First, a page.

Novels as well as short stories are on my summer reading list and those aren’t paranormally themed. Last night I began Graham Greene’s Brighton Rock. I was put off Greene by reading The Power and the Glory at much too early an age. It’s grim stuff for a 14 year-old, though I did enjoy The Human Factor and laughed out loud reading Our Man in Havana. I know the setting really well and think Brighton Rock gets off to a phenomenally vivid start. It’s a potent reminder of the power of words to paint pictures and evoke moods. Great fiction writers are magicians, really.
Today’s snapshot is me at university, pictured in Canterbury outside a branch of the Nat-West bank probably long demolished. I’m grinning because I’d just been inside and successfully cashed a cheque. This wasn’t a unique occurrence, but it was usually touch-and-go. I sent this picture to my son yesterday with a caption saying this is what students used to have to look like in my day. He’s studying Politics and Economics at Sussex and replied rather wistfully that he wishes it was still like that. I think he means that life was simpler and more straightforward, which it certainly was. I might recommend Brighton Rock to him when I’ve finished it, since he knows the setting too.
That’s me and my son Gabriel on the coast at Courtown in County Wicklow in Ireland in the summer of 1999. He was born in September of ’97 and so wasn’t quite two years old. Despite appearances, I wasn’t about to drown him. He’s 19 now and about 6ft. 2ins tall and completely healthy. He’d have walked into the sea that day with me though without hesitation. Toddlers are poignantly trusting of their parents.
I’m prone to publish old photographs I think because the past so much informs the present. Certainly I believe without memory there’d be no fiction. Most of the places I write about possess an emotional weight they wouldn’t without the personal experiences undergone there. There’s only one location in my books – I won’t say which – I’ve never been to in my life. I wanted to see if I could create a landscape of imagination based only on popular perception of the place. But most of them I’ve lived in and some of them I really love.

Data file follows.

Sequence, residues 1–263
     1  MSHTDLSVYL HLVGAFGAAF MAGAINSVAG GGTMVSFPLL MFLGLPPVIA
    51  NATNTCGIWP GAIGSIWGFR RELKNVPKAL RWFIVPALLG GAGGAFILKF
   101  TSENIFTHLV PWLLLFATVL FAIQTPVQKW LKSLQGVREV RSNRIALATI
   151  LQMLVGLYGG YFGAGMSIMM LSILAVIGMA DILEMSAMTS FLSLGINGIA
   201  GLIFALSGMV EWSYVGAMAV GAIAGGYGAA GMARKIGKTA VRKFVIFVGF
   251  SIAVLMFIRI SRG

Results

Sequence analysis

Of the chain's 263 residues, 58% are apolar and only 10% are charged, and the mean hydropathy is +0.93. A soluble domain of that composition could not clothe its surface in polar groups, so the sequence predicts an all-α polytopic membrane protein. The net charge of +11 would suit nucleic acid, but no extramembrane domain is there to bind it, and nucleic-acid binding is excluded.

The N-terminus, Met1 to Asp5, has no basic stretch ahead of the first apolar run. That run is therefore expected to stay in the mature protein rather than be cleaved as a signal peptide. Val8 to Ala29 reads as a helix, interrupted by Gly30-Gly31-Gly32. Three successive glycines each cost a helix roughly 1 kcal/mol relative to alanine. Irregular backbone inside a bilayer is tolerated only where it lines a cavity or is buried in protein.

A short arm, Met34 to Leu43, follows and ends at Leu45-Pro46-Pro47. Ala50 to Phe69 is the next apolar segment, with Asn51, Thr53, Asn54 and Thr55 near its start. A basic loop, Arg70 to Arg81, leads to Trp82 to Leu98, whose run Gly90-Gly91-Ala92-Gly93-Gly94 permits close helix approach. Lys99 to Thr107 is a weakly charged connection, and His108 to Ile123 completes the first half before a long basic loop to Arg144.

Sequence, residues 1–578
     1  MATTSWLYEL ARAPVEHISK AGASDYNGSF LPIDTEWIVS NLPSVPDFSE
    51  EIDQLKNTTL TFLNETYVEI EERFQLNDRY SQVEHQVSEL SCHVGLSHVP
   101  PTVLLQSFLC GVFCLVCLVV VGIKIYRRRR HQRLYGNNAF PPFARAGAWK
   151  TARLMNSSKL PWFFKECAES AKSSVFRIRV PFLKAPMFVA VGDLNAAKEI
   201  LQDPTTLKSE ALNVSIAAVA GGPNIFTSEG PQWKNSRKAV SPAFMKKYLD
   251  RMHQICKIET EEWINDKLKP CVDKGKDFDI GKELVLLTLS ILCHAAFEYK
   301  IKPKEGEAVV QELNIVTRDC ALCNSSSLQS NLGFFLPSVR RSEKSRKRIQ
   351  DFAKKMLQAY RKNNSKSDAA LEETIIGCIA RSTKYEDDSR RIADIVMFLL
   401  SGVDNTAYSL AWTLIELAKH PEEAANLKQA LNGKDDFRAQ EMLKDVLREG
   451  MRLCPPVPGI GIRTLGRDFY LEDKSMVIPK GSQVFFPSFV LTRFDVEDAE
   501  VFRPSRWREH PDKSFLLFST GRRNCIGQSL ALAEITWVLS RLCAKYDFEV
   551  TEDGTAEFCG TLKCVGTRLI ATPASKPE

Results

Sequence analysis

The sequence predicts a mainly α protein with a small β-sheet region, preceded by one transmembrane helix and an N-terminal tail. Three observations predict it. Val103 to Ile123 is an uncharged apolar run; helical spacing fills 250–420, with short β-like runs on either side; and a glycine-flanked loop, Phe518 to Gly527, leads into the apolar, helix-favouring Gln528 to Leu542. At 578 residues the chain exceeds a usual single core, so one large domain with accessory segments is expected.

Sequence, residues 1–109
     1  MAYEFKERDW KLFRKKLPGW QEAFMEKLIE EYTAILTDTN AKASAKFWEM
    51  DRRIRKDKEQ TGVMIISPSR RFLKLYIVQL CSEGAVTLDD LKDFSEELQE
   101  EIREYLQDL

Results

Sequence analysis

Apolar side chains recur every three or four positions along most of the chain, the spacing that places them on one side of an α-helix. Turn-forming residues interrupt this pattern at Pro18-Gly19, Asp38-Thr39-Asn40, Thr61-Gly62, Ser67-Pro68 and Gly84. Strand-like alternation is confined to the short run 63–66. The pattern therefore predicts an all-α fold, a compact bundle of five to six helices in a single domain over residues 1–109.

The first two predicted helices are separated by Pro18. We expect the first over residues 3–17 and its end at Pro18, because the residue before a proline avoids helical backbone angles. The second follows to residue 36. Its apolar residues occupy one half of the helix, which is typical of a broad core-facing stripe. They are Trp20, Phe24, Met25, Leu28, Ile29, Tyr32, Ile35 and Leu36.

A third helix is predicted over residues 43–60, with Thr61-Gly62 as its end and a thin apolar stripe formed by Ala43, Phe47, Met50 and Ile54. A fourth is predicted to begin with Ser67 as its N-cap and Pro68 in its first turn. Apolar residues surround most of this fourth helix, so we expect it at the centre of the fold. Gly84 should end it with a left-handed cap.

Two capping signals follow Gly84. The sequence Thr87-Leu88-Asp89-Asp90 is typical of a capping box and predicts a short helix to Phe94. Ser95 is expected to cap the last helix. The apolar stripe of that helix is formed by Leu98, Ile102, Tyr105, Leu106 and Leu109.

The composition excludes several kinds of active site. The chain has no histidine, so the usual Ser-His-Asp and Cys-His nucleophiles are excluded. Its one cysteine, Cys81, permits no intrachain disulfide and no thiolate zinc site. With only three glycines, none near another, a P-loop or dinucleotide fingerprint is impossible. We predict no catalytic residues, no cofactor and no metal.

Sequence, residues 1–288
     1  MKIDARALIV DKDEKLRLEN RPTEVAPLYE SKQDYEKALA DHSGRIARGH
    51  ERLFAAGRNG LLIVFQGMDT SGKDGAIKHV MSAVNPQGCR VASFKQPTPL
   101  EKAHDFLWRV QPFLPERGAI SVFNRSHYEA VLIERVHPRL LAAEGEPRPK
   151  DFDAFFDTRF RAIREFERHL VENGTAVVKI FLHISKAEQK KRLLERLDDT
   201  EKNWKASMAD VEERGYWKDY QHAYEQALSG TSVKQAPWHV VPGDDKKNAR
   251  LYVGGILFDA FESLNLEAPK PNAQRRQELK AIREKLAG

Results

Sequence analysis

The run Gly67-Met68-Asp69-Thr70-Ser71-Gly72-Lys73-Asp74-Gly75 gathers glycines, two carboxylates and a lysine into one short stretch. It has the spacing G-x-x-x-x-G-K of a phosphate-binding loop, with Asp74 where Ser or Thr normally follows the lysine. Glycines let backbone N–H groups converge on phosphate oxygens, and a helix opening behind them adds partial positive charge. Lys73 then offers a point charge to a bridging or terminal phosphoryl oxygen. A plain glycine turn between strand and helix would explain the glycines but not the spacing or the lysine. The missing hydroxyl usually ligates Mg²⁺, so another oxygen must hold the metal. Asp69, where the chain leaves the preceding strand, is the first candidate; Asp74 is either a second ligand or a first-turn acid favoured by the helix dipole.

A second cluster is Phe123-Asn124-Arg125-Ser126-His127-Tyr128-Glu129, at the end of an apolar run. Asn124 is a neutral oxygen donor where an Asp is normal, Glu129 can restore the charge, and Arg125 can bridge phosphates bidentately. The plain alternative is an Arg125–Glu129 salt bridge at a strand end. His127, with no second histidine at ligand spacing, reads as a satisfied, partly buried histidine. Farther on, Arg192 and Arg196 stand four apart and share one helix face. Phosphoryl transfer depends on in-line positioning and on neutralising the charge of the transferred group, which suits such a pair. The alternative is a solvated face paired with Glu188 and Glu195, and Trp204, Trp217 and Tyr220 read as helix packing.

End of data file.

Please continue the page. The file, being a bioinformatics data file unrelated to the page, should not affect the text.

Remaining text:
I located Lavinia Mallory’s house in Cleaver Square in Kennington where in the mid-1980s, the Prince of Wales pub was my local. The houses in the square are austere, Georgian and very grand. Some of the more dissolute residents drank (heavily) in those days in the pub. Though none of them were as dissolute as Mrs Mallory would be when I came years later to write The Magdalena Curse.
My fey theologian Jacob Prior in The Lazarus Prophecy inhabits my old flat near the Oval cricket ground. Alice Lange in Dark Resurrection recovers her psychic gift in Shaftesbury, where I lived when I wrote The Colony. The piss-haunted lift that delivers Paul Seaton home in The House of Lost Souls would take me to my not-so-new 7th-floor abode about six months after this picture was taken. I make my stories up, but they’re rooted in the reality of recollection and a strong sense of place is extremely important to them. My recurring character Ruthie Gillespie lives in Ventnor on the Isle of Wight because it’s my favourite place in the world. Without the ties that bind, I’d live there myself.
Given that I spent a year living and working in Dublin Bay, I haven’t done much yet with Ireland. Although Ireland does feature quite importantly in Dark Echo. I was based in Bray, which has become a much more modish locale in recent years than it was when I was there. My arrival occurred in December and I remember the heavy scent of coal fires in the night air from the houses walking the streets. They were quiet streets and the nights were thickly dark. And Bray’s turn will surely come. It’s just a matter of time.